In this week’s WoSJ show review no other than Steve Guerdat sums up the CHI Geneva. And as Steve concludes when it comes to the facilities at the show – everything is just so easy in Geneva! And then the show itself of course became a very special one for Steve as he won the Rolex Grand Prix on Sunday riding Nino des Buissonnets.
”There are many things that make the CHI Geneva special. First of all it’s the ring – it’s unique for an indoor show to have such a huge ring. It’s just like riding outdoors, and it’s very impressive – also with all the audience surrounding it. The ground is fantastic every year, and this year was no exception! Secondly, the warm-up is spacious and on good footing as well – with plenty of space to work the horses.
What I really like is that everything is under the same roof; the ring, the warm-up, the stables, the parking for the trucks – it’s very practical. You don’t have to go in and out through cold and then get hot, but if you need and want to take the horses out it’s still possible to go outside with them in fresh air. The hotel is also next door, you just walk one minute and you are there.
The staff in Geneva is also extremely helpful, and they help the grooms unload the horses on arrival if necessary and always keep the stables nice and clean. The grooms are taken well care of, with good food and drinks.
Everything is just so easy in Geneva!
The crowd in Geneva is unique! I mean you can have good atmosphere at other shows as well, but usually they are a lot smaller in size and more intimate – but here it’s this huge crowds cheering for all the riders. It’s just a fantastic experience, and it really fits the show. For the crowd is also only about the sport; and it always has been! I really appreciate that.
For many years there were not a lot of prize money to win in Geneva, but everybody still wanted to go there and win – because of the prestige. What I really like is that even though the organizers now very well deserved have got a great sponsor – Rolex – in their back to increase the prize money to a completely new level, the show remains the same, and the focus is still on creating top sport. That is amazing; especially when you look around on the showjumping circuit and see how easy it is too just make it about the money.
With Rolex now in as a strong sponsor, I am of the opinion that this is a proof that you can start up with quite a small show and build your way up by centering the show on the sport – and if you do that right you can in the end offer great sponsors and prize money. It’s what the sport should be all about!
For me it is of course extra special to compete in Geneva. I get in the ring, and I hear all those people cheering – and it makes me want to fight! Of course, when it doesn’t go my way it makes it a lot harder to accept when I am on home soil – compared to when I compete elsewhere in the world. I want to win for the crowds, it’s my way of being able to say ‘thank you for coming’. That’s why a disappointment there is felt more than at other shows, and why it makes it even more special to win. If a home rider wins in Geneva, I think 90 % of the spectators think ‘we won’ when they go home that night. They feel as a part of the win!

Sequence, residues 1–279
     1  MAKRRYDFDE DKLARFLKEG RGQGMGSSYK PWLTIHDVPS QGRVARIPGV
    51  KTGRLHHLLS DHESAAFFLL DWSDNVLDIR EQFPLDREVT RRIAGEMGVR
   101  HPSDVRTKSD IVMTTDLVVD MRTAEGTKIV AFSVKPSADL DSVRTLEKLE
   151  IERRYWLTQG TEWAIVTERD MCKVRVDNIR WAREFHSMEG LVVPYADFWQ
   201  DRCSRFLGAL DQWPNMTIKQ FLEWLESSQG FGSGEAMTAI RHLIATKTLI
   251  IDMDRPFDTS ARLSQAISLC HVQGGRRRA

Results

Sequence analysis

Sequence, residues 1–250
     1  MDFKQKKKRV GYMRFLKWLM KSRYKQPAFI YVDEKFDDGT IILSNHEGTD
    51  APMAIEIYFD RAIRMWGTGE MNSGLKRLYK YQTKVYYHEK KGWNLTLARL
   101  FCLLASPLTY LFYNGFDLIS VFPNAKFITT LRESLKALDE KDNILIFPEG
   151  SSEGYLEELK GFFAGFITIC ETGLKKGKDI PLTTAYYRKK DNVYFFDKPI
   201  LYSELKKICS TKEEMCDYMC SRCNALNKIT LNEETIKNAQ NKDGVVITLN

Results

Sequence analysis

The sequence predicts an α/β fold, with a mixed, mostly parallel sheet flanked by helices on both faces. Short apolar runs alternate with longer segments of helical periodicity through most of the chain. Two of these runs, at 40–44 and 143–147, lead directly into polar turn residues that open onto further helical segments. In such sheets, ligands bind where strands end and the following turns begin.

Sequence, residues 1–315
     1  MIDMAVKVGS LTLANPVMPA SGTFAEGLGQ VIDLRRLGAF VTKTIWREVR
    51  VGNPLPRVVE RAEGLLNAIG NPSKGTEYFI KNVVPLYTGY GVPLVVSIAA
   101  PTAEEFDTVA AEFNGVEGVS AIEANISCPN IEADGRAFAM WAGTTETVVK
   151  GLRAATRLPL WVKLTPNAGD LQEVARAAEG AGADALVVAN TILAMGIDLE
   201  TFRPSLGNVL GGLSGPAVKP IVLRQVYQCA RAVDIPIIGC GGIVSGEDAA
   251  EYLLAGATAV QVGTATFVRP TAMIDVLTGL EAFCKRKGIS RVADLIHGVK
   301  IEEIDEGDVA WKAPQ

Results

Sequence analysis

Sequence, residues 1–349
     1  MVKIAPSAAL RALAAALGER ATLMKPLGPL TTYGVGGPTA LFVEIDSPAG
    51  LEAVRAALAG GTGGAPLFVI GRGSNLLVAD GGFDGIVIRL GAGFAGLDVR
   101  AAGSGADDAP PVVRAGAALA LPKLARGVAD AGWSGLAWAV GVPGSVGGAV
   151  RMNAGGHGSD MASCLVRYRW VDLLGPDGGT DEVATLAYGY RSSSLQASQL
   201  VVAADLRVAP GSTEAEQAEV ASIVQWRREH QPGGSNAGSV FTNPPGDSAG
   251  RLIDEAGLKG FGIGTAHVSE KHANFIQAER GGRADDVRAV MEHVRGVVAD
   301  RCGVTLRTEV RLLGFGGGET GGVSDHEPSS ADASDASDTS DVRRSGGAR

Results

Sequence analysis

So for me, needless to say, it was only a win that counted on Sunday. After all my second places this year, I would not settle for anything else than the number one spot. When I left the ring, I was not sure my jump-off was going to be the winning round though – it was nice and smooth, but I did not really take any real risk – I started fast, but then I slowed it down a bit again on the line with the combination to the oxer – and these days you hardly win if you don’t take risk. When Doda rode a much faster round than I did, with a very unfortunate fault – I thought ‘S…, my round will not be good enough’. I was sure one of the others in the jump-off was going to be faster!
In the end I won though, and it was a very big win for me! A big part of my career was build up at this show, and on Sunday it continued. My best horses have always won there, and this time it was Nino’s turn. And like for me – much of Jalisca’s career happened there as well, which was why it was great to retire her in Geneva.
Saying goodbye to Jalisca was of course emotional. Now she is back home, and ridden lightly every day – we go down with everything now for her; the riding, the feed, the blacksmith and the vet. Step by step we prepare her for the field, until she is ready. The in springtime she goes to Normandy to breed. I have not made up my mind about which stallion is right for her yet – for that I will consult the experts and then make my decision.
I really wanted to please everybody this weekend. At a home show you are surrounded by people, and it was very busy for me. It was also one of my groom Heidi’s very last shows, and it was the last show for Nino before he gets a longer break – so to win was a real pay-off. The pressure was on, and to then make it to the top is of course a huge relief. “
As told to WoSJ by Steve Guerdat
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